Dr. Marc Moon, an expert and pioneer in the most advanced forms of cardiac surgery, was recently appointed as chief of the division of cardiothoracic surgery at Baylor College of Medicine, chief of the adult cardiac surgery section at Baylor St. Luke’s Medical Center and chief of adult cardiac surgery at Texas Heart Institute.
He comes to Houston from Washington University School of Medicine, where he was previously the chief of cardiac surgery, director of the Center for Diseases of the Thoracic Aorta, co-director of the heart and vascular center and surgical lead of the Center for Women’s Heart Disease. Dr. Moon specializes in aortic and valve surgery and sees some of the most complex cardiac surgery cases, including performing cardiac procedures in pregnant women. He has been in practice in St. Louis for more than 20 years.
Dr. Moon has said that while we have come to the point where cardiac surgery is considered routine in many circumstances, it’s never routine for the patient who’s undergoing that operation. We recently asked Dr. Moon about his path as a surgeon and his philosophy when it comes to patient care.
Q: Why did you go into medicine?
A: My mother used to get me a doctor’s bag or a stethoscope for Christmas when I was three or four years old, so I think my interest started with that. What really got me interested in surgery specifically was working in the trauma unit at DMC Detroit Receiving Hospital. It was an incredible experience, taking care of people with all sorts of injuries and surgical problems. Cardiothoracic surgery then evolved as the highest level of surgery that was offered, providing the most intense care for patients and the biggest opportunity to impact patients and their outcomes.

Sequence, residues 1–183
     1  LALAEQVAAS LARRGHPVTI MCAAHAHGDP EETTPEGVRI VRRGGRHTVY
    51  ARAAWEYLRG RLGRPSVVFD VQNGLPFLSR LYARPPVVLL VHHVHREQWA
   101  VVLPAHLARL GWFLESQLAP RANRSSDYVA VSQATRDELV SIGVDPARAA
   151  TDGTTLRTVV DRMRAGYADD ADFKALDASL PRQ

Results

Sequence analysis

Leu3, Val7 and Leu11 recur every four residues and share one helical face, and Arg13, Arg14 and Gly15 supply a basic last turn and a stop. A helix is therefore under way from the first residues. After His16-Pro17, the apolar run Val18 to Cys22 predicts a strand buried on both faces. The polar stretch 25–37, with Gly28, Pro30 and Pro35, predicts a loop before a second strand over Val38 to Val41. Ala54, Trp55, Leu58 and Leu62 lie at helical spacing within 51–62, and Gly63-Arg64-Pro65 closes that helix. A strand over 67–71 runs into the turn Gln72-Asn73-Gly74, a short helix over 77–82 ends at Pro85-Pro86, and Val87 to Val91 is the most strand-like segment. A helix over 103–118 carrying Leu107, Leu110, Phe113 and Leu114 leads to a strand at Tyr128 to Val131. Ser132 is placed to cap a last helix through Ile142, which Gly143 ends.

Q: Where did you train for cardiothoracic surgery?
A: I did my cardiothoracic training at Stanford in California and at that time everyone on the faculty had trained at Stanford. It was a great experience in that everyone did everything the exact same way, but there’s always an impact from getting an outside influence that doesn’t necessarily turn the system upside down, but it adds tweaks here and there to potentially move medicine forward.
Q: What does patient care mean to you?
A: It really means caring for the patient. It actually goes beyond the patients themselves; it includes their families and taking care of their needs as well. When a patient gets referred to me, I’m not going to just take over the care of the patient in its entirety. I’m going to work with the primary care physician and the cardiologist in order to get the best outcome that we can for that patient and whatever their needs may be.
Q: What is your personal mission as a surgeon?
A: It’s not necessarily to perform surgery on every single patient. I’d say that the majority of patients that are referred to a surgeon can actually be treated with lesser invasive means. The ultimate goal is to match individual patients with personalized treatment that gives them the best long-term outcome.
-By Bertie Taylor, senior writer in the Michael E. DeBakey Department of Surgery at Baylor College of Medicine